As elite NFL running backs, they sometimes run in the same circles.
Todd Gurley of the Rams said he sees Ezekiel Elliott of the Dallas Cowboys at big NFL events such as the run-up to the Super Bowl.
On Saturday, the two stars will try to carry their teams a step closer to playing in one. Gurley and Elliott are expected to be focal points when the Rams play the Cowboys in an NFC divisional-round playoff game at the Coliseum.
Elliott led the league in rushing for the second time in three years. Gurley, who sat out the final two games of the season because of a left knee injury, finished third.
“He’s a great back,” Gurley said. “I guess I’m not too bad myself."
Elliott apparently thinks so.
“He can run inside, he can run outside, he can run through you, jump over you, around you and make you miss,” Elliott told Dallas-area media. “He’s just a guy that has a really well-rounded game, and really doesn’t have any weaknesses.”
Elliott was asked, “Sound like you?”
“Something like that,” he replied.
The 6-foot-1, 224-pound Gurley has not carried the ball or caught a pass in a game since Dec. 16, when he played through knee soreness during a defeat against the Philadelphia Eagles. Gurley sat out the final two games, and also had the benefit of the Rams’ bye through the wild-card round of the playoffs to recover.
Gurley said after Wednesday’s practice that he was feeling good. He was listed as a full participant on Thursday’s injury report, and coach Sean McVay said that the three-time Pro Bowl player was expected to play against the Cowboys.
“He looks like the explosive, great back that we’re accustomed to seeing,” McVay said.
Gurley, who signed a $60-million extension before the season, led the NFL with 21 touchdowns. He rushed for 1,251 yards and 17 touchdowns, and caught 59 passes for 580 yards and four touchdowns.
“A great runner with patience and acceleration and vision and everything you’re looking for,” Cowboys coach Jason Garrett said.
The 6-foot, 228-pound Elliott rushed for 1,434 yards and six touchdowns. He also improved his pass-catching skills, and had a team-best 77 receptions for 567 yards and three touchdowns.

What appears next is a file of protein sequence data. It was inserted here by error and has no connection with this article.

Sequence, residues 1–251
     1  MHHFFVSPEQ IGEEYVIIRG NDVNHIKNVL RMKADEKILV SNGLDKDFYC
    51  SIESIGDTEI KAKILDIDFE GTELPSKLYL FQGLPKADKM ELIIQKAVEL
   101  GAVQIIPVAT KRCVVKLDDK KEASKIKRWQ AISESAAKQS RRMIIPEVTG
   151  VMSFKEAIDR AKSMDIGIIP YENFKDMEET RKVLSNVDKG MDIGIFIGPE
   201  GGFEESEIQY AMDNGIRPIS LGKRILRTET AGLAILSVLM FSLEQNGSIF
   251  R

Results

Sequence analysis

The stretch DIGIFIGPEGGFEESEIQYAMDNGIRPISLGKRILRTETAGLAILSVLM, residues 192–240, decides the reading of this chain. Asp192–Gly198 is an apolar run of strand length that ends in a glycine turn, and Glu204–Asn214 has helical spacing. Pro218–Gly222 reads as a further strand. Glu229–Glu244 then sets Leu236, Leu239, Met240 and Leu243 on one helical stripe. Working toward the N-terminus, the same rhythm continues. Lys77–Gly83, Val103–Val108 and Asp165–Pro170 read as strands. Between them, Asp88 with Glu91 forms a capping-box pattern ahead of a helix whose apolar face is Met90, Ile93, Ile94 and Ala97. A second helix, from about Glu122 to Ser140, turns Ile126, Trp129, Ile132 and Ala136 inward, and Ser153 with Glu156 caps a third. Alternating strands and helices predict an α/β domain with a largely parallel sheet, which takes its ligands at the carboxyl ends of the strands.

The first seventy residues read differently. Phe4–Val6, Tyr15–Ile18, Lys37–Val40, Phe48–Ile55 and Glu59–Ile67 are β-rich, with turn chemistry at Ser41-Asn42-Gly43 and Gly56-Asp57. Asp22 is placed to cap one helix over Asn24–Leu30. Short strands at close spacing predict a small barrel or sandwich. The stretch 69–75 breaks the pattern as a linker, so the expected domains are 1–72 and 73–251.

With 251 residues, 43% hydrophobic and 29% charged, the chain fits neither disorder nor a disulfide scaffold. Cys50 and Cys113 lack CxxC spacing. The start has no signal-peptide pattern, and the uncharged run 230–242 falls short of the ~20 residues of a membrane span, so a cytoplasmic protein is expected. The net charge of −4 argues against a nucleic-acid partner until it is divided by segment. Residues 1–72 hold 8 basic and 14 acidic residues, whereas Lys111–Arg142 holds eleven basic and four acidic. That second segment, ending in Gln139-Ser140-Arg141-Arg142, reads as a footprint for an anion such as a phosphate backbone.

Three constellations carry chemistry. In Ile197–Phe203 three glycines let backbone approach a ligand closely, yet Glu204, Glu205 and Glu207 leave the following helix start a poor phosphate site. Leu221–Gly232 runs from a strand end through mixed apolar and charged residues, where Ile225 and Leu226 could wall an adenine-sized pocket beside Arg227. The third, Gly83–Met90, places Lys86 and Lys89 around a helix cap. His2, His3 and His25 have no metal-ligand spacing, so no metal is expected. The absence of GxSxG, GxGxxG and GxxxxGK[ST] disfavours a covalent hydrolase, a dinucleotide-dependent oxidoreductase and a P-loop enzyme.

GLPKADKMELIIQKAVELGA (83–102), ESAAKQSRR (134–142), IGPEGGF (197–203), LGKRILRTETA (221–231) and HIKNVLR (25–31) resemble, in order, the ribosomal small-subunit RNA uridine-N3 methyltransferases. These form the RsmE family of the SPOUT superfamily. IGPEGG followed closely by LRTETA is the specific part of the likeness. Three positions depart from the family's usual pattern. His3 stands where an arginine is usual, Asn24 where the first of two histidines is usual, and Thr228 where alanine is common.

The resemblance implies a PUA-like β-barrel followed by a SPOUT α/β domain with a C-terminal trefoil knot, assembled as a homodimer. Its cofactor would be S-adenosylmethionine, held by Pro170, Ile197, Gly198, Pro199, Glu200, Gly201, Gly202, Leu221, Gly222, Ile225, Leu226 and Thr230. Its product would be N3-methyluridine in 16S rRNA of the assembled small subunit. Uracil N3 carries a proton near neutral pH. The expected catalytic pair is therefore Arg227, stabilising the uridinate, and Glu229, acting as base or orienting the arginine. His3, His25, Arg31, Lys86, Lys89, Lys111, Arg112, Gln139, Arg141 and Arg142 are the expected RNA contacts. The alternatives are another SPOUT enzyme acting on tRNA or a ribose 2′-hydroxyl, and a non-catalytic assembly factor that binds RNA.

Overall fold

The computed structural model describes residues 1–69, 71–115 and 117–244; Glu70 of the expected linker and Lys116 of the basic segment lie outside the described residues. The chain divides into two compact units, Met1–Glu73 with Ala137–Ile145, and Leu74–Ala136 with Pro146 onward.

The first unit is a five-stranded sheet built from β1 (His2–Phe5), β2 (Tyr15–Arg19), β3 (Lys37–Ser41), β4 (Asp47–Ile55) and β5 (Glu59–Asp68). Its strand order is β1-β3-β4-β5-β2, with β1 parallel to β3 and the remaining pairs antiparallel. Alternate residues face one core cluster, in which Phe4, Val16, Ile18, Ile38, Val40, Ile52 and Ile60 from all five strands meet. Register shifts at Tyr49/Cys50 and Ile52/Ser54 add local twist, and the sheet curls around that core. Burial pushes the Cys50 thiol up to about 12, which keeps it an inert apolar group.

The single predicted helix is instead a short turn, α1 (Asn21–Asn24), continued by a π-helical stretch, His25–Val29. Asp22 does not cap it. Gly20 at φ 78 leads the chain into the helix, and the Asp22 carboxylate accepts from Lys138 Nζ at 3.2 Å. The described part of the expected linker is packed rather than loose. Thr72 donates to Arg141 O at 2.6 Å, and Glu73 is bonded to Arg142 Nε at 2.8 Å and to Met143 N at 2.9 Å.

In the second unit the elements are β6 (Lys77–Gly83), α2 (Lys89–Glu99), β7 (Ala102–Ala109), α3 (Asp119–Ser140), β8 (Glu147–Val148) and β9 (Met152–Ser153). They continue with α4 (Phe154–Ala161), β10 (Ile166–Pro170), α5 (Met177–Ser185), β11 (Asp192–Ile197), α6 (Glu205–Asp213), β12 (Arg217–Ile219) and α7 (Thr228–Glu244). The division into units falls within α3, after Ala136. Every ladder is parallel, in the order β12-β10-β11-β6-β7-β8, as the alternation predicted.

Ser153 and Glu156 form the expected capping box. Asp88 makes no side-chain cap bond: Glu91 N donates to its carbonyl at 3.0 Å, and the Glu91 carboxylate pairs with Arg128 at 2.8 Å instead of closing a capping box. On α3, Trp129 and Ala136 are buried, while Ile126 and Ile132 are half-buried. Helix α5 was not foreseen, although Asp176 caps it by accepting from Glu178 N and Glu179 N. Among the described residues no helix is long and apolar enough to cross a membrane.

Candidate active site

“The greatest thing about him is he can take the rock 30 times,” Rams defensive lineman Michael Brockers said, “and be as dominant as he is from the start to finish.”
This is the second time that Gurley, the 10th pick in the 2015 NFL draft, and Elliott, the fourth pick in 2016, will square off.
In the Rams’ 35-30 victory over the Cowboys last season, Gurley rushed for 121 yards in 23 carries and caught seven passes for 94 yards, including a 53-yard touchdown.
Elliott ran for 88 yards and a touchdown in 21 carries, and caught four passes for 54 yards and a touchdown.
Gurley might have the tougher assignment Saturday.
The Cowboys won the NFC East with a defense that ranked seventh in the NFL. The Cowboys were fifth in rushing defense, giving up 94.6 yards a game.
In last week’s 24-22 wild-card victory over the Seattle Seahawks, the Cowboys limited the league’s top rushing team to 73 yards. It was the 11th time they held an opponent to fewer than 100 yards rushing.
Gurley will have help Saturday.
The Rams signed C.J. Anderson after the loss to the Eagles, and the veteran rushed for 167 yards and a touchdown against the Arizona Cardinals, and 132 yards and a touchdown against the San Francisco 49ers.
McVay has said to expect “a good balance” of Gurley and Anderson.
Anderson, a Pro Bowl player in 2014, said he would be ready.
“It’s not often you got two Pro Bowl backs on one roster,” he said. “So it’s a unique situation — but a good situation to have.”
The Rams defense will be challenged by Elliott and dual-threat quarterback Dak Prescott, who rushed for 305 yards and six touchdowns during the season. Prescott also ran for a key first down and scored the game-winning touchdown against the Seahawks.
The Rams ranked 19th in the league in defense, and they were 23rd in rushing defense, giving up 122.3 yards a game. They held opponents to fewer than 100 yards rushing five times.
“If it’s fourth down-and-one on the goal line, it really doesn’t matter how many yards they’ve made,” Rams defensive coordinator Wade Phillips said. “If you stop them on that fourth-and-one and win the game, that’s the most important thing.
“I think that's the way this defense plays.”
Gurley and Elliott, of course, cannot do it alone. Both deflected questions about their importance. They said it would require a collective effort.
“Playoff football,” Elliott said. “It’s about the team — it’s not really about individuals.
“It’s about trying to get to that Super Bowl.”
Not much more anyone could ask for, according to Gurley.